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    ABSTRACT: We experimentally investigate propagation of laser beams with different intensity profiles in highly scattering media. We generate transverse laser amplitude profiles with Gaussian, Bessel and Airy function envelopes. We then propagate these beams through optical phantoms formed with variable density intralipid solutions. At the sample exit, we compare change in maximum intensities, as well as beam profile reconstruction. We show that self-reconstruction properties of Bessel and Airy beams bring about slower decrease in maximum intensity with increasing scatterer density. On the other hand, the beam profiles deteriorate faster, as compared to reference Gaussian beams. Slower decrease in the intensity can be attributed to the wavevector spectra providing a continuous flow of energy to the beam center, while beam deterioration is linked to total beam volume in the scattering medium. These results show that beam shaping methods can significantly enhance delivery of intense light deeper into turbid media, but this enhancement is compromised by stronger speckling of beam profiles.
    Journal of Quantitative Spectroscopy and Radiative Transfer 12/2012; 113(18):2470–2475. · 2.38 Impact Factor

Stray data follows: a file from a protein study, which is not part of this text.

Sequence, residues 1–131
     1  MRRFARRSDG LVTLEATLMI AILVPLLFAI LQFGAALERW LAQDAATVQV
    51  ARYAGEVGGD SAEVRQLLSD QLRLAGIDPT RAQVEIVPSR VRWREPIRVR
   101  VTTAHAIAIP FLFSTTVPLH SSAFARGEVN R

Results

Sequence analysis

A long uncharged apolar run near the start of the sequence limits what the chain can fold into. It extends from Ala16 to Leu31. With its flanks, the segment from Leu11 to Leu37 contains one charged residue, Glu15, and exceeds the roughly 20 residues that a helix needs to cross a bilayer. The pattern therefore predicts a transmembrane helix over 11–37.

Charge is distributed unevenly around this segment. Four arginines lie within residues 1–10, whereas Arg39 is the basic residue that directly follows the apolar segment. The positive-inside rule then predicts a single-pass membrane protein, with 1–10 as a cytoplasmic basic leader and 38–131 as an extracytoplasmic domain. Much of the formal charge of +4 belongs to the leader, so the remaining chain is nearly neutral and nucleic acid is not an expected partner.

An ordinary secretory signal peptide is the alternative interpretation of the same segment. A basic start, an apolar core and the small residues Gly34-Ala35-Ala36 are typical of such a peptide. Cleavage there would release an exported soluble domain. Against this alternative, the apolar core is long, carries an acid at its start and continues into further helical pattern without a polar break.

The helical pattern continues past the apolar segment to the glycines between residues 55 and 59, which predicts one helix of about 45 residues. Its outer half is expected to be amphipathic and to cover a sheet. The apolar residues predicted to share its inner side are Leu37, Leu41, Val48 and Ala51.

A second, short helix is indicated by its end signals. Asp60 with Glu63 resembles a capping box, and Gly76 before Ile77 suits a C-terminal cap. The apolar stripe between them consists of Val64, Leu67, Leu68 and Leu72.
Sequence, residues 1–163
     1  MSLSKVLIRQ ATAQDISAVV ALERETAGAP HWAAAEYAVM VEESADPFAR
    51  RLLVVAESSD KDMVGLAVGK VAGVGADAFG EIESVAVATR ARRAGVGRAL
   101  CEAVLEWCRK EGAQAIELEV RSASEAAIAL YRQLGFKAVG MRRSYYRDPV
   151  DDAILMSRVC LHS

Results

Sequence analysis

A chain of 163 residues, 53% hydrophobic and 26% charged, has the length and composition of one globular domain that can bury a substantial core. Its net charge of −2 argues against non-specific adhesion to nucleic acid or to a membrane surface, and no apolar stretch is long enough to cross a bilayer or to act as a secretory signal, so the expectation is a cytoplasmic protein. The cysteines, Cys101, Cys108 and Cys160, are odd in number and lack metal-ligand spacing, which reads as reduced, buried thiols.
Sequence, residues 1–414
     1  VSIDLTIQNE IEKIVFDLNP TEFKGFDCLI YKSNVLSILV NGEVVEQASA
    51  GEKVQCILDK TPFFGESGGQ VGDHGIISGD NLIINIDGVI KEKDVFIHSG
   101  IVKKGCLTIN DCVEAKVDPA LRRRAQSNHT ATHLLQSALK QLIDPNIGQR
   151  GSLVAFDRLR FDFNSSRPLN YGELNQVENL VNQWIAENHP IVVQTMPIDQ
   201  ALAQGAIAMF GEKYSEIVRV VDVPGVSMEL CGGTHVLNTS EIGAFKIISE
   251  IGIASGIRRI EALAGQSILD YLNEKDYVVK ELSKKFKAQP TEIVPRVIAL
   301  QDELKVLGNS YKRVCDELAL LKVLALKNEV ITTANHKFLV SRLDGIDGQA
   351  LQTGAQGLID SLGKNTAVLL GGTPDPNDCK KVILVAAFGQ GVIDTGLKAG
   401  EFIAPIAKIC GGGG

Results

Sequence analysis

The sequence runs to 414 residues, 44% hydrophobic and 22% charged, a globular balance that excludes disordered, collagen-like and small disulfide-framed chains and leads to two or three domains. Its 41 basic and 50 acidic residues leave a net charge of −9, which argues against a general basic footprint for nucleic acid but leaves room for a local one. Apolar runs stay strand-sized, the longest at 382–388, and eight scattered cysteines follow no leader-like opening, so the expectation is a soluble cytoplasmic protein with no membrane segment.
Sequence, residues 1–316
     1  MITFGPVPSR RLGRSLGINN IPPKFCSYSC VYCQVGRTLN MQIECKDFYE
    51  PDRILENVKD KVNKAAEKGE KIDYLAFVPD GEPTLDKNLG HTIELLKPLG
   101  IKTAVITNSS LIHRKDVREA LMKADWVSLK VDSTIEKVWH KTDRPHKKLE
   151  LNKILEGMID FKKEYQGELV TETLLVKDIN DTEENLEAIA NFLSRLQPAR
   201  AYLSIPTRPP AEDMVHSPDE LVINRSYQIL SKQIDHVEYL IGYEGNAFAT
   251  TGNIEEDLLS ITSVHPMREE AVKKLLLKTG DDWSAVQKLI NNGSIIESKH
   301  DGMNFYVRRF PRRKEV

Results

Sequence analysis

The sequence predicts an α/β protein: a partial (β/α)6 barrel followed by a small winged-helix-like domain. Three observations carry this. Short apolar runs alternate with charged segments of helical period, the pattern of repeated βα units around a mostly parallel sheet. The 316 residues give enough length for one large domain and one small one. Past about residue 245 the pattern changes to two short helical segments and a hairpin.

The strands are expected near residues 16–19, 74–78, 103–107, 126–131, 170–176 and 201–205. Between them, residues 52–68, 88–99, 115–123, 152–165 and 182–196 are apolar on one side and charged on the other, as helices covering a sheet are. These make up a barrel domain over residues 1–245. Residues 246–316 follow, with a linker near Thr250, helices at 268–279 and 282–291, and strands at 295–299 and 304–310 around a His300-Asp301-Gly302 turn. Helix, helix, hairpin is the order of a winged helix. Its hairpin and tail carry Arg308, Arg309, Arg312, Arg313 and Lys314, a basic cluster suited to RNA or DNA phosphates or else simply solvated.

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    ABSTRACT: We report nanometer-scale fabrication on metal thin films using ablation by femtosecond laser pulses, with Bessel beam profiles. Choosing the laser fluence around ablation threshold allows control of the structure size below the diffraction limit. We show that using Bessel beams has several advantages. Bessel beams have focal spot sizes insensitive to longitudinal position, which significantly relaxes alignment constraints. Tighter foci are easier to generate, less costly, and less prone to aberrations. Scaling the method to shorter wavelengths, and hence increasing the resolution is also straightforward. By using the proposed method, we generate structures with resolution below 200 nm.
    Applied Physics Letters 01/2012; 100(3). · 3.79 Impact Factor
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    ABSTRACT: We present the first experimental evidence of anisotropic photosensitivity of an isotropic homogeneous medium under uniform illumination. Our experiments reveal fundamentally new type of light induced anisotropy originated from the hidden asymmetry of pulsed light beam with a finite tilt of intensity front. We anticipate that the observed phenomenon, which enables employing mutual orientation of a light polarization plane and pulse front tilt to control interaction of matter with ultrashort light pulses, will open new opportunities in material processing.